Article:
If you want to consider joint, that’s a good point too, but that’s where multiple services come together to contest multiple domains to provide a Joint Forces Commander effects to achieve objectives. When we are talking MDO, and this is again constrained to our [the Air Force’s] problem set, we are talking about a single service combining effects to gain or maintain superiority in multiple domains. Adaptive Domain Control is the term we are using now instead of the “superiority” language we were using.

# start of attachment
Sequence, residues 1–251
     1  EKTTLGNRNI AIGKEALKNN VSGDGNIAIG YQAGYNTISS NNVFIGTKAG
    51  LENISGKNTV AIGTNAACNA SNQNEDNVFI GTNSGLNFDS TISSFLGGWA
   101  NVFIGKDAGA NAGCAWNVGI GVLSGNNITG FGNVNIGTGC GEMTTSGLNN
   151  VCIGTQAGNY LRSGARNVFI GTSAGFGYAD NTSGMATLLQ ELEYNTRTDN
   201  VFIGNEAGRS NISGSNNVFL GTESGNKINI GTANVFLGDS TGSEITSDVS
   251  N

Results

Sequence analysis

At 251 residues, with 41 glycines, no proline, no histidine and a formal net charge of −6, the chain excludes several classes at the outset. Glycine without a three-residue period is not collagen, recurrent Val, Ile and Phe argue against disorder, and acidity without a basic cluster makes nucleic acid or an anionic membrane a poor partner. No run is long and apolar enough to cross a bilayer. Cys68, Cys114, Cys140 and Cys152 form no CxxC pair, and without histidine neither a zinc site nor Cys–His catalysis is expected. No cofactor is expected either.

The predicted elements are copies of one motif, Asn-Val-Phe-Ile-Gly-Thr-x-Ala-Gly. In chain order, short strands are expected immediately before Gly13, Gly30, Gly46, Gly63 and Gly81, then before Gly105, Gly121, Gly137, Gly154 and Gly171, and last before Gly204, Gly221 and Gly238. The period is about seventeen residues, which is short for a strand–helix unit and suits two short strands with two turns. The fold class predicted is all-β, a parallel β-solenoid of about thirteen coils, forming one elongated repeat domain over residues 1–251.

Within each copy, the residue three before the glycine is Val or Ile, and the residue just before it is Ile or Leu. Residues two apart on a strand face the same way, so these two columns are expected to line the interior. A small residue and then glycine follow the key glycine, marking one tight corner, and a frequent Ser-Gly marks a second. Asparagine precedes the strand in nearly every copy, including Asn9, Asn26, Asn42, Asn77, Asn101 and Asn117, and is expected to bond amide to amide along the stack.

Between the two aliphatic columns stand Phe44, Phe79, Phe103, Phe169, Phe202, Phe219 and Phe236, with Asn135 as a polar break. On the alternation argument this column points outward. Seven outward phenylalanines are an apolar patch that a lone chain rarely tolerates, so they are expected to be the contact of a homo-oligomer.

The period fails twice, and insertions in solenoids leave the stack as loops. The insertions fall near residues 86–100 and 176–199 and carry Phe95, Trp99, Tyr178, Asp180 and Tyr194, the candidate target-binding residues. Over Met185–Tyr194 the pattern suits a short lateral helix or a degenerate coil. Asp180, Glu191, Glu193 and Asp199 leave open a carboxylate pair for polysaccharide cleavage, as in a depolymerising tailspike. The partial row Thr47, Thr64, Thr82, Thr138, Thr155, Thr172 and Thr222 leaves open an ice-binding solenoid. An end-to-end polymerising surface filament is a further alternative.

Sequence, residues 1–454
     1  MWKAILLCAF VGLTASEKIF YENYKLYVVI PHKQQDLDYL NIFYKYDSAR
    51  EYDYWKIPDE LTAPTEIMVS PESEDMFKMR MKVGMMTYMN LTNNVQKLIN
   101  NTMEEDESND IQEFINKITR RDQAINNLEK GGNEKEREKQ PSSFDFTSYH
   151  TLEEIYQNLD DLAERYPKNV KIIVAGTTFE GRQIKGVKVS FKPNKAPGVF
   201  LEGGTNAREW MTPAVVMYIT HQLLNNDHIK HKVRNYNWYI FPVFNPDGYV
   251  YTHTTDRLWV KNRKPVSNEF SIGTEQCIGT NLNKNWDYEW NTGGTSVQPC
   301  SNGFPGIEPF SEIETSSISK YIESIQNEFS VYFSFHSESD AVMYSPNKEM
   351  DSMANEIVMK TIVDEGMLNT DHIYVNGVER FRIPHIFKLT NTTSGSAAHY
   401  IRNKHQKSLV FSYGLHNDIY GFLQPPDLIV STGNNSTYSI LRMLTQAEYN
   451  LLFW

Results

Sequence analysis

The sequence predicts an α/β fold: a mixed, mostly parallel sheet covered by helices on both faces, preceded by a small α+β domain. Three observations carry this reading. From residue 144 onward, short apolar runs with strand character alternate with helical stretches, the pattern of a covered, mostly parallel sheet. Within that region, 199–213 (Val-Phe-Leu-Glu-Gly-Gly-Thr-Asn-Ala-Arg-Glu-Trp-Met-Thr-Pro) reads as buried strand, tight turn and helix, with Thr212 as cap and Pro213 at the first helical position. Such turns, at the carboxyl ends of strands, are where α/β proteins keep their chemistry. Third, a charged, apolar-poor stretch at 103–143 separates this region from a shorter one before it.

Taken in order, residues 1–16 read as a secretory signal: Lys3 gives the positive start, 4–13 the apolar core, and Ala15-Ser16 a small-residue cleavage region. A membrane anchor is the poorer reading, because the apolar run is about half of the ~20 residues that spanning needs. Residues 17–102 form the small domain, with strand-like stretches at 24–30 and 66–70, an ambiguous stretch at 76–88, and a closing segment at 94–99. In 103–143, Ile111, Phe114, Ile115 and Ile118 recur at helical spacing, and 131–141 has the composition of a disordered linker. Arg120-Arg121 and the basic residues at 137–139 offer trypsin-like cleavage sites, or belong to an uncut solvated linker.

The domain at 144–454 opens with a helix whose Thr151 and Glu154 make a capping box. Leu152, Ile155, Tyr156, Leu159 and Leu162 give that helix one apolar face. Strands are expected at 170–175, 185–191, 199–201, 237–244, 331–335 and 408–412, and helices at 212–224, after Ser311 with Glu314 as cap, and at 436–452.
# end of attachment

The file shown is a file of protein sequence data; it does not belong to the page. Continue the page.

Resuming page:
At a minimum, the Air Force is responsible for the adaptive space and air domain control, or superiority, to use the old terms. So how do we integrate our capabilities to create multiple dilemmas for the enemy so that we can achieve our objectives? That is how it is slightly different than Combined Arms, [which focuses] on a single domain, or Joint Warfare with multiple services coming together to achieve objectives. This is an Air Force lens looking at what we call Multi-Domain Operations, but how do we get the most out of our Air, Space, and Cyber capabilities to have adaptive domain control of at least air and space, and probably to a degree, cyber, to achieve effects across those domains?